Fujitsu reports that the company’s PalmSecure technology, which can biometrically identify individuals, will be upgraded. With this technology, passwords are no longer needed to identify users.
The latest version is now available in Europe, the Middle East, India and Africa. The four components on which the technology is based are called: Biometric Authentication Palmsecure ID Engine, which functions as the main module in combination with a user database; ID Gatekeeper, which recognizes the vein patterns in hands for access control to physical spaces; ID LifePass, a solution with an API for the integration of PalmSecure in software and hardware environments; and ID Login V2, which allows thin and fat clients to work with this biometric technology. The technology can therefore function as access control on buildings, for example, but also on all kinds of devices or to gain access to a network.
PalmSecure, the name says it all, works by reading veins in the palm of the hand. In a similar way to fingerprints, these veins are unique to everyone and thus provide a unique identifier. However, Fujitsu has investigated some of these biometric identifiers, including fingerprints and iris scanners, showing that these methods can be vulnerable to counterfeiting and theft. Hygiene is also a factor that is taken into account, for example in the case of fingerprints that logically leave bacteria on scanners.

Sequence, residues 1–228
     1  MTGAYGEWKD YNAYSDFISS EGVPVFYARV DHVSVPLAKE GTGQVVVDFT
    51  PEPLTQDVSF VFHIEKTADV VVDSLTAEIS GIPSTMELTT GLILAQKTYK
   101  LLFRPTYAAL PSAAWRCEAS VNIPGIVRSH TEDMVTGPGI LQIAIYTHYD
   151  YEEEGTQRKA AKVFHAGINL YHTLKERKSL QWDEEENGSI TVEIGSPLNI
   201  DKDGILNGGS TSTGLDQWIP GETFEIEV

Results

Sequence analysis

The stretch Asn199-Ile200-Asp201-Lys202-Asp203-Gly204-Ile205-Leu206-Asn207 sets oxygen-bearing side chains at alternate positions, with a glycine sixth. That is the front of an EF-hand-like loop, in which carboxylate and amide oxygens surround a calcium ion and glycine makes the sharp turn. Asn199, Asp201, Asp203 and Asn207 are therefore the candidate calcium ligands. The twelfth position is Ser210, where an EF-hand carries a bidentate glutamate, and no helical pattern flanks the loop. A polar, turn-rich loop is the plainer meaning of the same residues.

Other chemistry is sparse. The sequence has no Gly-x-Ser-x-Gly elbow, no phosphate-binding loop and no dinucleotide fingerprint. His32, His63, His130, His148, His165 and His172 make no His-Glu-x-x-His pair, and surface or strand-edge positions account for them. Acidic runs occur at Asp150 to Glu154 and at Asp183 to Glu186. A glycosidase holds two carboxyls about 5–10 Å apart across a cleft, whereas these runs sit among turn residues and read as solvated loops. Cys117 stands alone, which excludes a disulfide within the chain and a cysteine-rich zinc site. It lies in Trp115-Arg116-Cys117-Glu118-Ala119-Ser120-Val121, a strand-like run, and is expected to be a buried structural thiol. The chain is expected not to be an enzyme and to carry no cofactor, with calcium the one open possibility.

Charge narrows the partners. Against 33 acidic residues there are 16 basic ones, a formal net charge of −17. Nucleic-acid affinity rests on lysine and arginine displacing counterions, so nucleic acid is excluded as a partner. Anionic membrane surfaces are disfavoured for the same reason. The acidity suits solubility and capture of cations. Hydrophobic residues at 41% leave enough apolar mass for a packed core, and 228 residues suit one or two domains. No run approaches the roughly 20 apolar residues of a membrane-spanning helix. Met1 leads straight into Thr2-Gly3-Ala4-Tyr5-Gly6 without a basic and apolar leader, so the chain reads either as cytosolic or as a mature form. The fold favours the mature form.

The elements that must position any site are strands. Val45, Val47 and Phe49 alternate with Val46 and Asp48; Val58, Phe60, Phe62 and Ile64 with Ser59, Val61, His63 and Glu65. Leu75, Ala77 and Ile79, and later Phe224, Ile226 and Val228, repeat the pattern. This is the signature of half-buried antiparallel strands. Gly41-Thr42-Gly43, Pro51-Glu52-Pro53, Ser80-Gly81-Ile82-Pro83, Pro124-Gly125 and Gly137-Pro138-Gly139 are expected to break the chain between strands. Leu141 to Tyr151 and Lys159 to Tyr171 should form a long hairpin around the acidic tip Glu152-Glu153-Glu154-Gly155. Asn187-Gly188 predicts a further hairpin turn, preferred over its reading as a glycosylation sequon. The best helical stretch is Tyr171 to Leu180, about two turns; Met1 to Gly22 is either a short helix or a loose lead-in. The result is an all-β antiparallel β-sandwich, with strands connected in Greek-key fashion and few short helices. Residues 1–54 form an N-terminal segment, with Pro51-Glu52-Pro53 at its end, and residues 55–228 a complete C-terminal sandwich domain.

The PalmSecure system uses technology that works through image recognition, combining Fujitsu’s expertise with the knowledge of BioSec Group Ltd. The unique characteristics of the wire patterns make it possible to create a template for each user that is recognized by an algorithm with high accuracy. The false acceptance rate, i.e. the system’s margin of error in terms of incorrect admission, is only 0.00001 percent. The false rejection rate, the margin of error in terms of incorrect refusal, is only 0.01 percent. With a chance of one in ten million and one in ten thousand, respectively, this can be called a high degree of accuracy.This news article was automatically translated from Dutch to give Techzine.eu a head start. All news articles after September 1, 2019 are written in native English and NOT translated. All our background stories are written in native English as well. For more information read our launch article.